Comprehensive guide to Redis. Part 1.

Redis (REmote DIctionary Server) is an advanced key-value data store. Read and write operations in Redis are very fast because it saves all data in the memory. Redis can also save data on the hard drive. The official Redis documentation can be found at Redis is an open sources project used by many companies including Instagram and Twitter. In this tutorial, we will install Redis, install Node.js, and try out several data types.

In this series of tutorials, I’m using Redis 3.0.5 as well as Linux Mint.

To install Redis you should:
1. Download the latest stable release from
2. Unpack it
3. Run sudo make install
4. After the installation is finished, run make test to check whether everything is working correctly

There are several executable commands in Redis:
– redis-cli: command-line interface for Redis(client part)
– redis-server: Redis data store.

By default, Redis binds to port 6379. Run redis-server in your terminal.

You can run the Redis client via redis-cli.
SET: creates a key with a string value
GET: reads the key value


The HELP command is useful for learning about syntax.


The KEYS command returns all keys that match a pattern.


Now it’s time to install Node.js. You can download it at

Then create a separate folder for this tutorial, for example tutorial1. Run npm install redis inside this folder. This will install the redis module for Node.js.

Now let’s create a classic “Hello World” example. Create a file called helloworld.js with the following code:

Now run node helloworld. You should see the following:


Redis data types

Different Redis data types are used to solve different issues.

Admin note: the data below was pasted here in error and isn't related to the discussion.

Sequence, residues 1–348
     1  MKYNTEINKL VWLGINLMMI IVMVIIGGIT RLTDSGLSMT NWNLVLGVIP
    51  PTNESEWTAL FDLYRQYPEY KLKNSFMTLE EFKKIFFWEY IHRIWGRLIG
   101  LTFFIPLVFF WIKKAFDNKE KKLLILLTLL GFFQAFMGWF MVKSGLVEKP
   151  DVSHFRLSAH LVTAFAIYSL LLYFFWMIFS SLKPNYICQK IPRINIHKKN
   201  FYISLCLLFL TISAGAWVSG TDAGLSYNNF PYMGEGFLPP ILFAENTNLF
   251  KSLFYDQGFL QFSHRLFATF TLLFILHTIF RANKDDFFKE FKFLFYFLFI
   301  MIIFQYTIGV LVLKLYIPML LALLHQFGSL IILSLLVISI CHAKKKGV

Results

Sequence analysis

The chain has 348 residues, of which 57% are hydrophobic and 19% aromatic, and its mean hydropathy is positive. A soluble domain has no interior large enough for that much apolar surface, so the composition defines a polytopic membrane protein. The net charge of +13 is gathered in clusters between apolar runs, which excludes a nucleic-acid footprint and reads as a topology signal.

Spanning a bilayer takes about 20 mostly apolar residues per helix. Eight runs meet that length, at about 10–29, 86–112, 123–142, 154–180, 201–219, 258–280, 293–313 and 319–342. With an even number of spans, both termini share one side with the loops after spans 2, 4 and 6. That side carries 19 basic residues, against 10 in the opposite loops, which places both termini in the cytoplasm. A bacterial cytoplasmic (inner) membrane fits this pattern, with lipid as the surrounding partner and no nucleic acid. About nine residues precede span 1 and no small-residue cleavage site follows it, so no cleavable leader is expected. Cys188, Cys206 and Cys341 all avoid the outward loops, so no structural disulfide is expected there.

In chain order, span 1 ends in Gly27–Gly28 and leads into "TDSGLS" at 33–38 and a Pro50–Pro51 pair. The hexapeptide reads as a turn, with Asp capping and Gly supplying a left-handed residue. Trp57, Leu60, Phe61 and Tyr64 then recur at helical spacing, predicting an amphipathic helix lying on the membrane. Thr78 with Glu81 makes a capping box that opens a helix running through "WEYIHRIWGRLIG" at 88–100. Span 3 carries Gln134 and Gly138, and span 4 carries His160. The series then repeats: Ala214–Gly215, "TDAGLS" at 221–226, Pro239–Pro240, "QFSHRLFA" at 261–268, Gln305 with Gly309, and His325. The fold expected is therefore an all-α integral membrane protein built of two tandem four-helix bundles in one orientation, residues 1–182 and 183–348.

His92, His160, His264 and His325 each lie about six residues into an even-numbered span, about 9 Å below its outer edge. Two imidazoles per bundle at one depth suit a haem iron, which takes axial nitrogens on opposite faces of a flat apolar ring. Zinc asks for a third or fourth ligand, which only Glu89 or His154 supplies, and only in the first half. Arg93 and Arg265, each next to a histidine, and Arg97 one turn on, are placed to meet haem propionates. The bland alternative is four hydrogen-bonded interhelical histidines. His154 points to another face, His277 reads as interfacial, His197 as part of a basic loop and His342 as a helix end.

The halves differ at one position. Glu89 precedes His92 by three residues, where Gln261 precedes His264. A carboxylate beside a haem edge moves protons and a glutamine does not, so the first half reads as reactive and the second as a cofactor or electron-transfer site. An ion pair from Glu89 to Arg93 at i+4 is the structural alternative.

String data type can store any data: text, binary, integers. A String can not exceed 512MB.
String use cases:
– counting. You can store numbers like page views or video views. To increment or decrement values, you can use INCR, INCRBY, DECR, DECRBY, and INCRFLOATBY commands.
– cache. You can cache binary or text data. It can be implemented using SET, GET, MSET, MGET commands. Strings have an automatic key expiration through the SETEX, EXPIRE, and EXPIREAT commands.

MSET: sets the values of multiple keys at once.
MGET: returns the values of multiple keys at once.


EXPIRE: adds an expiration time in seconds to a given key. After that time, the is automatically deleted. It returns 1 (expiration is set successfully) or 0 (the key does not exist or cannot be set).

TTL(Time To Live): returns an integer(seconds a given key has left to live). It can also return -2 (the key is expired or does not exist) or -1(the key exists but no expiration time set).


INCR: increments a key by 1 and returns the value
INCRBY: increments a key by a given number and returns the value
DECR: decrements a key by 1 and returns the value
DECRBY: decrements a key by a given number and returns the value
INCRBYFLOAT: increments a key by a given float number and returns the value

INCRBY, DECRBY, and INCRBYFLAOT can accept positive or negative numbers.


Notice that the above commands are atomic(2 different clients can not execute the same command at the same time). Redis is single threaded. It always executes one command at a time.

Let’s create a String example. We will create an application with a set of functions used to like and dislike photos. Add 3 examples:


Notice the key structure: photo:[ID]:title. In this key we store our photo title. In the second key photo:[ID]:likes we will store the number of likes. The following example explains better.

There will be 3 functions in our code, the first increments the number of likes by 1, the seconds decrements the number of likes by 1, and the third displays the results. Create a file photolikes.js with the following code: